IN CAMBRIDGE last week, Federal Reserve Chairman Ben Bernanke bemoaned high unemployment and low inflation, while promising that the short-term interest rate will remain, in the near term, near zero. This is an outrage to ordinary Americans, who have come to believe that a quarter of a percent is too much to pay for anything.
To heck with near zero. We want fully free, and that, not the housing crisis, is what’s continuing to hobble the economy.
The economist Milton Friedman insisted there was no such thing as a free lunch, but then he passed away, and a year later the US economy wilted in grief. To console ourselves, we shopped at Dollar Tree and bought uplifting melodies on iTunes for 99 cents. Later, we downloaded free books on our Kindles, and watched free lectures from MIT, and read free newspapers and magazines on the Internet, in between making free long-distance calls on our cellphones (free with a two-year contract). Thanks to cellphones, we don’t need to buy cameras anymore (our phones come equipped with them, for free!), and we occasionally put them down to watch free movies on Hulu, sitting on the free couch we got off Craigslist.
“Everything’s a dollar!” the dollar stores exult, but that’s a lie. Everything’s a dollar or less, including, it seems, the worth of an individual in a high-tech culture.
In his latest book “Who Owns the Future?” Silicon Valley guru Jaron Lanier argues that technology is murdering the middle class, one JPEG at a time. “At the height of its power, the photography company Kodak employed more than 140,000 people and was worth $28 billion. They even invented the first digital camera. But today Kodak is bankrupt, and the new face of digital photography has become Instagram. When Instagram was sold to Facebook for $1 billion, it employed only 13 people. Where did all those jobs disappear? And what happened to the wealth that all those middle-class jobs created?” Lanier asks.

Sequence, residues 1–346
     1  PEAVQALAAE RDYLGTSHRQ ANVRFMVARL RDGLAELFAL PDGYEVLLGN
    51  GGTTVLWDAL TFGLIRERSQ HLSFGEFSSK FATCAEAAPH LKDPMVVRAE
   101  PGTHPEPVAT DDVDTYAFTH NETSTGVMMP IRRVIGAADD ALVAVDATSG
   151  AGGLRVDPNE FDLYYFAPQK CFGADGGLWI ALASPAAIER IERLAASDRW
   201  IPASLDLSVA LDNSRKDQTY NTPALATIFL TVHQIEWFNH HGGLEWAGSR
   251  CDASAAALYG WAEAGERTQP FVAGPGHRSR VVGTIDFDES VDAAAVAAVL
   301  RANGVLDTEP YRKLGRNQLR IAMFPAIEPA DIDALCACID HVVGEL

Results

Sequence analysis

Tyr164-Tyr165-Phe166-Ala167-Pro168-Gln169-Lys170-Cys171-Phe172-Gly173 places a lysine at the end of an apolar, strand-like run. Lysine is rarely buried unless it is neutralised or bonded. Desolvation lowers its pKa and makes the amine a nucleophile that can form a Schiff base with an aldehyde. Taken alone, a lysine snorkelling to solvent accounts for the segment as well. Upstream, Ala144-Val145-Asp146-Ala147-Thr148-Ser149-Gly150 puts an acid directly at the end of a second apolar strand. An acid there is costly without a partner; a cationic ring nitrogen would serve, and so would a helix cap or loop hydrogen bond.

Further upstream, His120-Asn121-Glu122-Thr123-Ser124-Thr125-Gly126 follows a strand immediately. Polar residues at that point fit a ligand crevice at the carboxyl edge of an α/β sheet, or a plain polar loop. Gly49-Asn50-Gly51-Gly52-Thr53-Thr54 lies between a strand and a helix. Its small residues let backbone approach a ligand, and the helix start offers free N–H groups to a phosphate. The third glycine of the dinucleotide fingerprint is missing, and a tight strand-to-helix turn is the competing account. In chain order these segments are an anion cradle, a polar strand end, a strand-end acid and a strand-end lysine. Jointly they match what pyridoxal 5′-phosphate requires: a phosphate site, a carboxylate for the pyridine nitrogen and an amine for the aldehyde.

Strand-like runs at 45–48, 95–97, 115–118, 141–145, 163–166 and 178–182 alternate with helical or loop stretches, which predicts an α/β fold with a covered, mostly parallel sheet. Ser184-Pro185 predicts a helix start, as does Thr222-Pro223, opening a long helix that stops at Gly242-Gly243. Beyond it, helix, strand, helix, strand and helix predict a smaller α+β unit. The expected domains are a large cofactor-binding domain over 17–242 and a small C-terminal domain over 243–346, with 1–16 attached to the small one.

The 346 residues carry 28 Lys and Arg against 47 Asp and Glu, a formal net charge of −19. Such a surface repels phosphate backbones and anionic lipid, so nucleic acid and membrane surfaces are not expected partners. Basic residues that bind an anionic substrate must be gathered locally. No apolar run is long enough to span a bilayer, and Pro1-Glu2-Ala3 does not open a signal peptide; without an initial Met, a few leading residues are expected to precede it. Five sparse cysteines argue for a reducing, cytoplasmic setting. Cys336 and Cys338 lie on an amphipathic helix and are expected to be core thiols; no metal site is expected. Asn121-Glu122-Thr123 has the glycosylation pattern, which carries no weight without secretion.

The cheap music we enjoy on iTunes also has a cost much greater than the slashed earnings of the big music companies, whose profits fell by half between 1999 and 2009. Lost also were the middle-class jobs that $10 records and $20 CDs supported: the designers and packagers, the truck drivers, the sales clerks (although presumably some could take jobs selling cellphones and digital cameras). Technology, Lanier gloomily asserts, has cost ordinary Americans more than it delivers. Meanwhile, the deflation of everything (save taxes, gas, and lattes), makes Americans unwilling to pay full price for anything, which may be why only 47 percent of Americans have full-time jobs, Priceline thrives, and the Dollar Tree continues its ascent on the Fortune 500.
What Harvard’s Nicco Mele calls “radical connectivity” is convulsing the economy in ways we only dimly perceive. Twenty years ago, we’d happily pay $20 for a CD that contained only one song that we really wanted to hear; now we’d no more do that than pay $5 for a carton of fabric softener that’s a buck at the Dollar Tree. Would anyone use Facebook if it weren’t free? Mark Zuckerberg doesn’t want to find out.
But cheap as we consumers have gotten, so too are our cyber overlords. The tech companies that commandeer the wealth in the new economic landscape — the Googles and the Facebooks among us — expect to harvest their users’ value for free, making billions by collecting and selling information about Americans and our browsing habits.
Lanier believes a Great Moderation could come about in a fair exchange of value: i.e., Zuckerberg should distribute a few bucks periodically to those who earned it for him. Don’t spend it just yet. “In every society, however it is organized, there is always dissatisfaction with the distribution of income,” the ever relevant Friedman wrote.
In “Free to Choose,” he gave three functions of prices: to transmit information, to provide incentives to produce goods more efficiently, and to determine who gets how much of the product. What happens when everything’s free? We all live in homes shingled with ads and furnished by Craigslist.
I think I’ll just pay for my lunch, thanks.